Aß-42 is much more hydrophobic than shorter-chain variants of beta-amyloid, they say, and this hydrophobicity aids the binding of Aß-42 to the surface of microorganisms. They are still not completely sure exactly how the pathogens are killed but suggest that the heparin binding domain of the Aβ peptide sequence is involved. This domain is also involved in the aggregation of Aß-42, and other scientists supporting the amyloid hypothesis for the role of Aß-42 in Alzheimer’s disease have determined that heparin binding is similarly involved in the formation of the tell-tale amyloid plaques. Thus, what some scientists see as the graphic sign of Alzheimer’s pathology, these authors see as the graphic sign of antimicrobial activity.

The physiological relevance of Aβ peptide antimicrobial activity is supported by several lines of evidence, they document. The following points are taken directly out of the last part of the paper’s discussion:-

“(a) In an experimental model of meningitis, survival was reduced in mice that were not able to produce Aβ peptides due to a knockout of its precursor. Reciprocally, mice overexpressing Aβ peptides showed reduced mortality in this model.

(b) Acute infections of the brain result in reduced Aβ 42 levels (but not Aβ 40) in cerebrospinal fluid but increased deposition in brain tissue.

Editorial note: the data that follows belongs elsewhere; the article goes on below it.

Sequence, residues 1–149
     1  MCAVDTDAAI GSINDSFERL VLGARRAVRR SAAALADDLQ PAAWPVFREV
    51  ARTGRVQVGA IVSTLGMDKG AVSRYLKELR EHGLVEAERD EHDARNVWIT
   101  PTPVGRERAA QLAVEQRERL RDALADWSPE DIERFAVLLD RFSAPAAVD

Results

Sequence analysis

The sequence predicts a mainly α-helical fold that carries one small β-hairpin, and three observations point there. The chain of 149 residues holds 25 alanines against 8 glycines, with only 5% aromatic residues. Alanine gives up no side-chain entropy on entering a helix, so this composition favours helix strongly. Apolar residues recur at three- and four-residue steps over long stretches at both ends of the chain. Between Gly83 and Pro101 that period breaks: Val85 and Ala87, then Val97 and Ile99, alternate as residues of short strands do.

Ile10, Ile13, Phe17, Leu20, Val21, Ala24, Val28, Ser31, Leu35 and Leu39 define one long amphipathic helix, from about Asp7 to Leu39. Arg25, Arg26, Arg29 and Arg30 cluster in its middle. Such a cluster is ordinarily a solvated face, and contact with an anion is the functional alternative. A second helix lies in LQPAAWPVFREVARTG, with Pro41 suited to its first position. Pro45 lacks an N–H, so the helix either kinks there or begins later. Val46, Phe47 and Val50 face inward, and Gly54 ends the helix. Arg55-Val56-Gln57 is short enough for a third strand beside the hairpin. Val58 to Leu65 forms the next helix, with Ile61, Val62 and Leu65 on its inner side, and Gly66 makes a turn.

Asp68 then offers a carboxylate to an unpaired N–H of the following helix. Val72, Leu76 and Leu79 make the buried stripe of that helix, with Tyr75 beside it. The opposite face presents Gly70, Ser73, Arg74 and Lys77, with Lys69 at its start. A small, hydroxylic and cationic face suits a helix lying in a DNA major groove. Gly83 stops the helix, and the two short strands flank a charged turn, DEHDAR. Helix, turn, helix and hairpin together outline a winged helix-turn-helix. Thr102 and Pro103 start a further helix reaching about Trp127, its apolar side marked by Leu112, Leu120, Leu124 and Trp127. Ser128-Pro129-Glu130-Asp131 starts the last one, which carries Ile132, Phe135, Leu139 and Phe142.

(c) Aβ peptide deposition has also been reported in chronic infections of the central nervous system, such as neuroborreliosis, neurosyphilis, HIV or Herpes simplex encephalitis. Recently, Diana Pisa and her colleagues observed Candida species in brain regions affected by Alzheimer’s disease pathology but not in normal controls. In our study, Candida was particularly sensitive to Aβ -peptide-induced aggregation and cell death.

(d) The γ -secretase blocker DAPT impairs recovery from lipopolysaccharide-induced inflammation in the rat brain.

(e) Monocytes, microglia and astrocytes increase the expression of amyloid precursor protein and release Aβ peptides upon activation by lipopolysaccharide (a proxy for microorganisms). In several mouse models, lipopolysaccharide induces amyloid precursor protein expression and subsequent Aβ plaque deposition. These findings suggest that the secretion of Aβ -peptides is part of the innate immune defense in the CNS.”

Spitzer et al then identify an important potential repercussion of these observations: ” Aβ -lowering therapies might therefore hamper the resistance of the brain to infections and malignant disorders. The increased neonatal mortality of BACE1/BACE2 knock-out mice only in animals housed under non-sterile conditions supports this assumption. Special attention should therefore be given to these events during clinical tests of Aβ -lowering therapies. Others have even suggested that an infectious agent may be involved in Alzheimer’s disease pathogenesis” (see “Body by Darwin” for a full account of the work of these researchers). “Our finding of accelerated Aβ-42 agglutination in the presence of microorganisms may support this hypothesis. Further research is needed to determine whether Aβ plaque deposition is the consequence of a microbial infection or a mechanism of CNS immune defense that is misled in Alzheimer’s disease.” (my emphasis).